It would be incomplete to conclude the devotion today without noting the two verses from Matthew 7 that follow today's lectionary reading: "22 Many will say to me in that day, Lord, Lord, have we not prophesied in thy name? and in thy name have cast out devils? and in thy name done many wonderful works?23 And then will I profess unto them, I never knew you: depart from me, ye that work iniquity." (Matt 7:22-23) There are many prominent clergy and laypeople today who are held in high esteem for their well known preaching and apparent works against the devil. They have preached convincing sermons in the name of Christ couched in smooth and lovely speech, but which lack the deeper truth of Christ. These are wells without water, and wandering stars with no fixed place in the ether of space. High sounding words and elaborate cunning will not gain the gate, for the path is that broad way that leads in the opposite direction from life. Many are thereon. The Way we must seek is the simple Way – the straight Way that is not adorned with vain accoutrements. This Way is less traveled and often evokes the sneers of those on that broad, political way that leads down to destruction. Which Way are you traveling, friend?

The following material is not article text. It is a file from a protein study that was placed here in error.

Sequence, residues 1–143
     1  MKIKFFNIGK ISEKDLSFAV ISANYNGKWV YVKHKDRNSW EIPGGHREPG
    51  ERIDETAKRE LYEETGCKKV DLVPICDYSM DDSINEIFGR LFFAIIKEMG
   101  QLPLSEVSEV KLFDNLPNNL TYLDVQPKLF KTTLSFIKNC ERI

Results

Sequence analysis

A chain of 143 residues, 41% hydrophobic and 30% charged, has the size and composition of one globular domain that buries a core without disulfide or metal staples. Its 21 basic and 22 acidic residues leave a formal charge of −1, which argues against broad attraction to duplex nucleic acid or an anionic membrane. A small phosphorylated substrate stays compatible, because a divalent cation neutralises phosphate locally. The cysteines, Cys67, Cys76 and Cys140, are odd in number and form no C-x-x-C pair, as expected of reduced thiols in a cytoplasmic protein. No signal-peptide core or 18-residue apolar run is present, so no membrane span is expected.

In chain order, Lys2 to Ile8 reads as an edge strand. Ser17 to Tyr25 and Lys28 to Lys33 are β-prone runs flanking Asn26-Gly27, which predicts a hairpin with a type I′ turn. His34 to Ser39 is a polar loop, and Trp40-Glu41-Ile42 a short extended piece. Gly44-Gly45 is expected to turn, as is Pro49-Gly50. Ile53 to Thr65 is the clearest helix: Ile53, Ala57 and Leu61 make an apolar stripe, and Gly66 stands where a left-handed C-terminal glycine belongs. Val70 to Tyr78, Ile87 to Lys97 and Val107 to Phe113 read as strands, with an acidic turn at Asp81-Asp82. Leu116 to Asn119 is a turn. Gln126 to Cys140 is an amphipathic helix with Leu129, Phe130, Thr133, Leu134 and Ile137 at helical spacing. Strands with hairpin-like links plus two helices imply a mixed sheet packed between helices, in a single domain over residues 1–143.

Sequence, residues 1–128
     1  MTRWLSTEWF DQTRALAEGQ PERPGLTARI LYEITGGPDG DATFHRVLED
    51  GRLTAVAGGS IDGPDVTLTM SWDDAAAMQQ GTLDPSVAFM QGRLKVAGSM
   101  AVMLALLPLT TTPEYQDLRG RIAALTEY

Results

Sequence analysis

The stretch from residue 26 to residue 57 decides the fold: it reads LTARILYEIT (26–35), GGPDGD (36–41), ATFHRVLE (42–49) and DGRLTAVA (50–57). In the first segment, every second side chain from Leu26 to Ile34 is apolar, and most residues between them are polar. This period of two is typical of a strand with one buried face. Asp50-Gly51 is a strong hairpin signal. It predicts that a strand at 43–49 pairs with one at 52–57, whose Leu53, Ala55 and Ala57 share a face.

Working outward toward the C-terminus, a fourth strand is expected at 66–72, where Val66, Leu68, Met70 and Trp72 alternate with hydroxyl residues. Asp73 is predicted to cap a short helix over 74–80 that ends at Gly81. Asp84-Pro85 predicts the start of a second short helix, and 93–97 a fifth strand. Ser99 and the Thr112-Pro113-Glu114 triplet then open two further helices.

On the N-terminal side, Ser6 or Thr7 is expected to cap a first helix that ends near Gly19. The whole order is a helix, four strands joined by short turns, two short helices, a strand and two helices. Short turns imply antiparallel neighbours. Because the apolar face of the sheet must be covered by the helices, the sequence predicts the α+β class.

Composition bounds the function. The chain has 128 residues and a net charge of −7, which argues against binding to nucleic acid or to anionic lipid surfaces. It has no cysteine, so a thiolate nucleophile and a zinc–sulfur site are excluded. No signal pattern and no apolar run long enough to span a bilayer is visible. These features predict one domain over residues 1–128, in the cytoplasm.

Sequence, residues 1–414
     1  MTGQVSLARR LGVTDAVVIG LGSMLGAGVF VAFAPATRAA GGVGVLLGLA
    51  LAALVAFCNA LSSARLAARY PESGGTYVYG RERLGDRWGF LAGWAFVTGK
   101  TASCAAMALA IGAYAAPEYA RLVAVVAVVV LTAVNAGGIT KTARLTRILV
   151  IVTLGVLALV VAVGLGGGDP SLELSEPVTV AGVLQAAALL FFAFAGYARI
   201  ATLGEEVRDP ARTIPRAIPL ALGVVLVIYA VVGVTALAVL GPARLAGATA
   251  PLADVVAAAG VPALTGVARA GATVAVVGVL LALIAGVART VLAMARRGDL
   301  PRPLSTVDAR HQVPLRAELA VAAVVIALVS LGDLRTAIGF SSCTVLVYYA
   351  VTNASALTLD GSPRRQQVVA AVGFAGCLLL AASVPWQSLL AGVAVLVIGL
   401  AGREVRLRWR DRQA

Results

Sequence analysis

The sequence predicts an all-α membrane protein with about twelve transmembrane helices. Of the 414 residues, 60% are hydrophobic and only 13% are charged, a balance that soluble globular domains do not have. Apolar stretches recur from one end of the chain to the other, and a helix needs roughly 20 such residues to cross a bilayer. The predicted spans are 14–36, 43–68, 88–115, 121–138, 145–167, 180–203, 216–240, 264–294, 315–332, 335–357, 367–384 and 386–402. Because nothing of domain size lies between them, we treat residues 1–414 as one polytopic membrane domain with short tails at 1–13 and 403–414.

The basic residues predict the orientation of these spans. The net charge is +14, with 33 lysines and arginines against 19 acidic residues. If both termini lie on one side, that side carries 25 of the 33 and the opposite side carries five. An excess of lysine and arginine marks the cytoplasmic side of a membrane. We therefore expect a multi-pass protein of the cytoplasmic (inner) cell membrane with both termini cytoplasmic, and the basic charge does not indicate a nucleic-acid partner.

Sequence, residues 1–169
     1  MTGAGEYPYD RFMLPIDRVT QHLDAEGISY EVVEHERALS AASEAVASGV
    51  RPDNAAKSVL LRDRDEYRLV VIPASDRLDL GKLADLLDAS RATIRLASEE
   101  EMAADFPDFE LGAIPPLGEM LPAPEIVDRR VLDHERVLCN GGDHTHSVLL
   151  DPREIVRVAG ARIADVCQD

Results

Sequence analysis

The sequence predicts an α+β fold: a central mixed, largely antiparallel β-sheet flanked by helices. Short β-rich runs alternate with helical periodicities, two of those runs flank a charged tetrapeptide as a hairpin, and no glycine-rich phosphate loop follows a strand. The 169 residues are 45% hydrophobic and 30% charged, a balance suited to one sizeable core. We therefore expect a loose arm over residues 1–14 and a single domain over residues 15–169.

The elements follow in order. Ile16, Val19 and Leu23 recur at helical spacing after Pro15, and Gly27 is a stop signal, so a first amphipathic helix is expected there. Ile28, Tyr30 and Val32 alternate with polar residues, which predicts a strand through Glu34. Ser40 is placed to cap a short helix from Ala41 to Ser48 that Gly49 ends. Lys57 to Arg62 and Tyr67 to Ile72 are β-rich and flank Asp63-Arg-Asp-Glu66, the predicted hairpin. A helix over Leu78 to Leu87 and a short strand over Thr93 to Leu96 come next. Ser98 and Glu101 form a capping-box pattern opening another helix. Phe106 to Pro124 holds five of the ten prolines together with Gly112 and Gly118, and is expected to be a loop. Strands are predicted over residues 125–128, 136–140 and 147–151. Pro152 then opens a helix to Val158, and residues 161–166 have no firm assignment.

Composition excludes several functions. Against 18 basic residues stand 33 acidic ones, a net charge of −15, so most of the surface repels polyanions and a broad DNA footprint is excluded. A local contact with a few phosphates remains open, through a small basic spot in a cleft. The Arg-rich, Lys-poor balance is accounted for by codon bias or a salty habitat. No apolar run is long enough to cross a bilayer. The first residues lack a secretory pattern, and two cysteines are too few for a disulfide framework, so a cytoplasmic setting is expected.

Bishop Dennis Campbell

Today’s Sunday Report has a guest sermon by Bishop R. Dennis Campbell. Bishop Dennis is one of the smartest people I know and is very good at expressing biblical concepts in terms we can understand. He often preaches a wonderful sermon on one of my favorite topics – ACTS. Action, not diction. Today is one of those times!

Profits and Prophets

Eighth Sunday after Trinity

14 August 2011